* an ongoing series of quotations – mostly from artists, to artists – that offers wisdom, inspiration, and advice for the sometimes lonely road we are on.
Artists, when they are absorbed in their work, are also deeply connected to other human beings. The theologian Matthew Fox said, “The journey the artist makes in turning inward to listen and to trust his or her images is a communal journey.” The psychologist Otto Rank argued that, “The collective unconscious, not rugged individuality, gives birth to creativity.”
To be sure, artists are not making real contact with real human beings as they work in the studio, but they are making contact in the realm of the spirit. The absence of the pressures real people bring to bear on them allows them, in solitude, to love humankind. Whereas in their day job they may hate their boss and at Thanksgiving they must deal with their alcoholic parents, in the studio their best impulses and most noble sentiments are free to emerge.
Eric Maisel in A Life in the Arts
Comments are welcome!
A: There is always a long gestation period as I reflect on the new experiences, sights, sounds, etc. after a trip. Bali is a fascinating place – the only Hindu outpost in the world’s most populous Muslim country – so I’m reading everything I can find. I’ve finished an historical novel, Love and Death in Bali, about the 1906 mass suicide of the royal family during the Dutch invasion. I’m slowly making my way through Bali: Sekala and Niskala, a densely packed book about the intricacies of Hinduism, rituals, and art, written with the help of our guide, Budi. In the short term I’m using more green pastels in my paintings. Amidst all of the tropical lushness, I must have seen thousands of shades of green. The volcano shapes in “Absence,” a pastel painting completed last week (see post of JUL 20), resulted from this trip. Other, more pronounced effects will probably show up later.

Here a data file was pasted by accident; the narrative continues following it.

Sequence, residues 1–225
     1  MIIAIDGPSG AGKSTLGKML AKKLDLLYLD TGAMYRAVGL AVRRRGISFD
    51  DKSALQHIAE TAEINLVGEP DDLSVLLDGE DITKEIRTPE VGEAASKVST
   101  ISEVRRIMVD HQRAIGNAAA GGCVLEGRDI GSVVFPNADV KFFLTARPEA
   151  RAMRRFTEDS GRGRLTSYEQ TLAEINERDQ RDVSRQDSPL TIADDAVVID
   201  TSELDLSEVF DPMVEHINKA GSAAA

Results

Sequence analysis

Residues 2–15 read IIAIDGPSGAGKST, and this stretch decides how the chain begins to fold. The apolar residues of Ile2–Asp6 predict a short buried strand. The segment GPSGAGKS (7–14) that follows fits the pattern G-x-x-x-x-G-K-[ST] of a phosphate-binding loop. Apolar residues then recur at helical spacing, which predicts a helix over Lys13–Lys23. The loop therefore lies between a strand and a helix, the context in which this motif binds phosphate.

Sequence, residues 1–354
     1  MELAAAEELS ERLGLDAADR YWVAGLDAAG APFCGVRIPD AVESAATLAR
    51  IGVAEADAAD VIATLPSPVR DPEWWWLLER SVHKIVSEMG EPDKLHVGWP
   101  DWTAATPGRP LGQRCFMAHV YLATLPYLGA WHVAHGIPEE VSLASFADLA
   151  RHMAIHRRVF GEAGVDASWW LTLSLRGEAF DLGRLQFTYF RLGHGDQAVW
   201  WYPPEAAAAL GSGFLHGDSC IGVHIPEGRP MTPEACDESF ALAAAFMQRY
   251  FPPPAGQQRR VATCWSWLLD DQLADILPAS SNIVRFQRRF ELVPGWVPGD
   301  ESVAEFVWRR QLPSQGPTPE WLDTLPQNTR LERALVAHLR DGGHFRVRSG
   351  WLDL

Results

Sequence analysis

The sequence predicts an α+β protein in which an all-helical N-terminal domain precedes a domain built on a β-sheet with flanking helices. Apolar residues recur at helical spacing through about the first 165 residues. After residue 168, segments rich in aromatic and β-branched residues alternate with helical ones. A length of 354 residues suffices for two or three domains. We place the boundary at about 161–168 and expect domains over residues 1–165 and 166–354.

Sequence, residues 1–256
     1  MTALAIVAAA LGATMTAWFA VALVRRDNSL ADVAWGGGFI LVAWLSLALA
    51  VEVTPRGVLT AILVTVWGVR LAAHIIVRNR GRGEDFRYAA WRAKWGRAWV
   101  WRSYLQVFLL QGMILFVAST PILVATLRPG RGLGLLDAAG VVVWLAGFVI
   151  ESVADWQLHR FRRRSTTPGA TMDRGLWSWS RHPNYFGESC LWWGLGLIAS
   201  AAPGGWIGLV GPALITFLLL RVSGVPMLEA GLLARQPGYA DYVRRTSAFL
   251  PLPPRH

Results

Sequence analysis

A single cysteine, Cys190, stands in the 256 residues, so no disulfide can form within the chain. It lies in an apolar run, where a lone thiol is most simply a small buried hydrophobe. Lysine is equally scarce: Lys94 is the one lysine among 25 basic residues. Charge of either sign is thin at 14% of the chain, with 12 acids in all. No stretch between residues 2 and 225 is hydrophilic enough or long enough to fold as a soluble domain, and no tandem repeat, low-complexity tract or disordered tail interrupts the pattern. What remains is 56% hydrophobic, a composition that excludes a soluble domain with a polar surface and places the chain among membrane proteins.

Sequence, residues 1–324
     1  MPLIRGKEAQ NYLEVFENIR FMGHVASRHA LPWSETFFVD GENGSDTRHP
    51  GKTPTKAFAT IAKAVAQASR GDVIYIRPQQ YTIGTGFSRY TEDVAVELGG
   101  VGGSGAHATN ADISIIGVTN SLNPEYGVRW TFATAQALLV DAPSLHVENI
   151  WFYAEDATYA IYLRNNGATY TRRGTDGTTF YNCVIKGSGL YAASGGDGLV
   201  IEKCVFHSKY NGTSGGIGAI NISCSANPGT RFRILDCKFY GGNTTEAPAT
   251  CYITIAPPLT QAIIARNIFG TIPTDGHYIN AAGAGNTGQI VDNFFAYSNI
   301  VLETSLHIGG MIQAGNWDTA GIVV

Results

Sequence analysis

A: I’m putting finishing touches on a small one, “Absence,” which is 26″ x 20″ unframed. It depicts paper mache figures that I bought some years ago in Oaxaca and Mexico City. I added those two blue and white “volcano” shapes on the left after my recent trip to Bali. Check out the dust (and torn pastel wrappers) on the easel. That’s what inspired the name of my blog.